The refusal to ratify the Kyoto protocol has left a lingering mistrust of the United States in other parts of the world. The finding by the E.P.A. is expected to allow President Obama to tell delegates in Copenhagen that the United States is moving aggressively to address the problem even while Congress remains stalled on broader legislation to curb global warming legislation.
Senator Barbara Boxer of California, chairman of the Senate Environment and Public Works Committee, said that in light of the ruling, “the president’s appearance in Copenhagen will carry even more weight, because it shows that America is taking this issue very seriously and is moving forward.”
As posted about last Spring (see, for instance, April's Obama's Brilliant Strategy To Get His Transformative Policies Enacted), the EPA has made it official. Here's the NY Times:
The Environmental Protection Agency on Monday issued a final ruling that greenhouse gases posed a danger to human health and the environment, paving the way for regulation of carbon dioxide emissions from vehicles, power plants, factories, refineries and other major sources.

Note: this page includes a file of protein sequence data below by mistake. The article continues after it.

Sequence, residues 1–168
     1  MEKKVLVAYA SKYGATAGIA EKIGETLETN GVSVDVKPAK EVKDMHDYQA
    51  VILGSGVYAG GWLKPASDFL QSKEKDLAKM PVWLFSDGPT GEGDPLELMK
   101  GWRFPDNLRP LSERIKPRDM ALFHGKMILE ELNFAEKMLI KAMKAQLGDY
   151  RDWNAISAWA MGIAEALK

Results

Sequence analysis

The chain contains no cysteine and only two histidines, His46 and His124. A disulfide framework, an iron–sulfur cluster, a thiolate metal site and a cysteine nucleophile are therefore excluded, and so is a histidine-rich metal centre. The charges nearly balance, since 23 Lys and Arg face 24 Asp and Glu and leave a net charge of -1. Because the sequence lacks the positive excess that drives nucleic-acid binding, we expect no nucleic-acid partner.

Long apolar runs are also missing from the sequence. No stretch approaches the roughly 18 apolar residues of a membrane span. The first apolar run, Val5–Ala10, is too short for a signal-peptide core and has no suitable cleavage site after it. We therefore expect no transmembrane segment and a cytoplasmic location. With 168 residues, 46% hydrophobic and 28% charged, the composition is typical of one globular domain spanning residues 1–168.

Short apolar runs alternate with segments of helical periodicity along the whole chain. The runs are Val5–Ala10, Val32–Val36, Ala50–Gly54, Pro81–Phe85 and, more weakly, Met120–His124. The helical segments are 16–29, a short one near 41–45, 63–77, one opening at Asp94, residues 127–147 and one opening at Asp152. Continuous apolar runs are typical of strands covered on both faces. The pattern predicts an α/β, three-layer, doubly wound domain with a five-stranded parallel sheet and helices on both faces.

The announcement was timed to coincide with the opening of the United Nations conference on climate change in Copenhagen, strengthening President Obama’s hand as more than 190 nations struggle to reach a global accord.
The E.P.A.’s administrator, Lisa P. Jackson, said that a 2007 decision by the Supreme Court required the agency to weigh whether carbon dioxide and five other climate-altering gases threatened human health and welfare and, if so, to take steps to regulate them.
She said Monday that the finding was driven by the weight of scientific evidence that the planet was warming and that human activity was largely responsible.
“There have and continue to be debates about how and how quickly climate change will happen if we fail to act,” Ms. Jackson said at a news conference at the E.P.A.’s headquarters. “But the overwhelming amounts of scientific study show that the threat is real.”